In The Fragile Scholar: Power and Masculinity in Chinese Culture, Song Geng contests negative Western perceptions of effeminate men in Chinese cultural forms by examining the yin/yang paradigm of power relations. In historicising the figure of the caizi  (才子) or ‘fragile scholar’, Geng argues that gender in pre-Modern China was less politically relevant than the primacy of social roles explained through the yin/yang binary – yin being ‘feminine’, dark and yielding, yang being ‘masculine’, bright and active.

While Western audiences tended to (and perhaps still do) see the character of the fragile scholar as effeminate, Geng locates the figure in the yin/yang paradigm of social relations. Here Geng writes, “yin/yang is not restricted to the sexual connotations of male/female.” Further, yin/yang is not “a biological entity but a fluid position in the hierarchy of social and political power.” In considering social relationships in dynastic China under the yin/yang paradigm, masculinity and femininity are not absolute traits as they are in the modern West, but shifting positions adopted in a web of social hierarchies.

And now?

Some may argue that the wen/wu dyad and the yin/yang paradigm are things of the past, and indeed China’s violent modernisation after the fall of the Qing involved the destruction of the social and political structures that would have grounded wen/wu models of masculinity and yin/yang sociality. But culture is not so easily contained and marked off, and cultural models that were represented in historical records, literature and folk culture for millennia cannot be so easily quarantined to the past.

While ‘pan-East Asian soft masculinity’ might well be a new hybridised form of ideal manhood that caters to contemporary feminine tastes, it remains unclear why feminine desires in the region might preference ‘flower boys’ and if it is truly the power of feminine consumption that has produced a certain kind of masculinity.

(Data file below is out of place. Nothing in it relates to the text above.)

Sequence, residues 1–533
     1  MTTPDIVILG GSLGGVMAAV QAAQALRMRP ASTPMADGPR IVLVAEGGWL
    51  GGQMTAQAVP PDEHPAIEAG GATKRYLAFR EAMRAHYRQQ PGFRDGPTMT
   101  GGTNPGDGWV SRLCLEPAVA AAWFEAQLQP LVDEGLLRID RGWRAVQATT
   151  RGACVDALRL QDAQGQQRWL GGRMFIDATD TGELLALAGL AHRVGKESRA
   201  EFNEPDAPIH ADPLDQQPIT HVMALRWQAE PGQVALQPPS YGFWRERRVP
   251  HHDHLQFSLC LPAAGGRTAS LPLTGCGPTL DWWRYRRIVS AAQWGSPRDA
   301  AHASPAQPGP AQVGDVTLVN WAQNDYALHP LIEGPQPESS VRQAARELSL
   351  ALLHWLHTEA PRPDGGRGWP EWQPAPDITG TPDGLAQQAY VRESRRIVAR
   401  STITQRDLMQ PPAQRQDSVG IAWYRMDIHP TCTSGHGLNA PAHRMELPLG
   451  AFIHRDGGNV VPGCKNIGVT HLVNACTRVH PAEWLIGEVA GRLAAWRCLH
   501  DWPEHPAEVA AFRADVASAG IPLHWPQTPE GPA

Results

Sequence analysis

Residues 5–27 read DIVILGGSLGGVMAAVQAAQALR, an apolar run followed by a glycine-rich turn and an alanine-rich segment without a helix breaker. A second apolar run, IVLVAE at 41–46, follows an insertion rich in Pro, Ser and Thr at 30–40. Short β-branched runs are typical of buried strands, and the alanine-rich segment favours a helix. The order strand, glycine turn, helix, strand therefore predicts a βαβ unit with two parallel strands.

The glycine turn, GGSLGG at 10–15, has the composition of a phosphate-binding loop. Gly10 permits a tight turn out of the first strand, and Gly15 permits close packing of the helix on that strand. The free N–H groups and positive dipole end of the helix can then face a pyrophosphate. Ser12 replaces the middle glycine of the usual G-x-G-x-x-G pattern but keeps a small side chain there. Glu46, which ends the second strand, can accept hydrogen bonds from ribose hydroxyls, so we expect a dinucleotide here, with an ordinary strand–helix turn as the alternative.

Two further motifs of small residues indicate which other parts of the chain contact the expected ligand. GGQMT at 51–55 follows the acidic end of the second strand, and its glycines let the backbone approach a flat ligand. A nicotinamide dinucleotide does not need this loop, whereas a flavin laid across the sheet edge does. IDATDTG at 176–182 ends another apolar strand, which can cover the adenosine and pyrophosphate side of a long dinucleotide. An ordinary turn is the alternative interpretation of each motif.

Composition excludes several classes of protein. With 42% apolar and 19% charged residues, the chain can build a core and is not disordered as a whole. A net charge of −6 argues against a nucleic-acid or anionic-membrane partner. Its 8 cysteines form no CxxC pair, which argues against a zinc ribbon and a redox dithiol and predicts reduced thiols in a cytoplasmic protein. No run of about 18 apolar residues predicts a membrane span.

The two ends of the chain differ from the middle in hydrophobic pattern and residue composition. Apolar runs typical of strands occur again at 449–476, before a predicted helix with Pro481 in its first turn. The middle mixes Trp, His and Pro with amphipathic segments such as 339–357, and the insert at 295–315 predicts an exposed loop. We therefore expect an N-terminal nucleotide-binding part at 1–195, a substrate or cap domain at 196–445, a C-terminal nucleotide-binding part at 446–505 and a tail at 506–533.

Here I agree with Geng: while metrosexuality might account for some particular habits of the soft masculine, “pan-East Asian soft masculinity has its roots in the Confucian tradition of scholar masculinity shared by many East Asian cultures” valuing the “physically weak, delicate and handsome, with androgynous beauty.” Feminine cultural consumption cannot shape ideals about contemporary masculinities alone: long histories of differing representations of ‘the ideal man’ continue to inform cultural preferences and ideas locally.

In the Chinese-language context, to be accomplished in one’s studies still remains a largely positive trait in contrast to the English-language pejoratives ‘nerd’ or ‘geek’, which mark off scholarly skill and attainment as antisocial and gender-neutering. Here the wen ideal remains entrenched, though changed. The most popular boy in the Taiwanese film Our Times is still the number one student in school academically, and the smart male love interest in the Chinese film So Young is still desirable despite being antisocial and cut throat.

What has changed since the time of Louie and Geng’s writing is that women are now also in line for scholastic attainment, a public privilege denied to women in imperial times. The most popular girl in school in the Taiwanese film You Are the Apple of My Eye is both class captain and the smartest girl in the class. In the Chinese film Yesterday Once More we meet a clever girl who is determined to get into Tsinghua University.

Scholastic attainment is still a virtue but it is no longer solely masculine. Though women can be smart, however, they are not afforded the same narrative privileges of men. Women can be smart, but they have to eventually learn femininity and unlearn the competitiveness, innovation and individualism that drives scholarly achievement. This is why wen, despite its modern form, remains a masculine trait overall.

Vivien Nara

Author: Vivien Nara

Vivien Nara is a PhD candidate in the Department of Gender and Cultural Studies at the University of Sydney. Interested in East Asian screen and popular cultures, her research examines how contemporary Chinese-language youth films play a part in wider shifting discourses on gender, modernity and social relations in 21st-century China and Taiwan.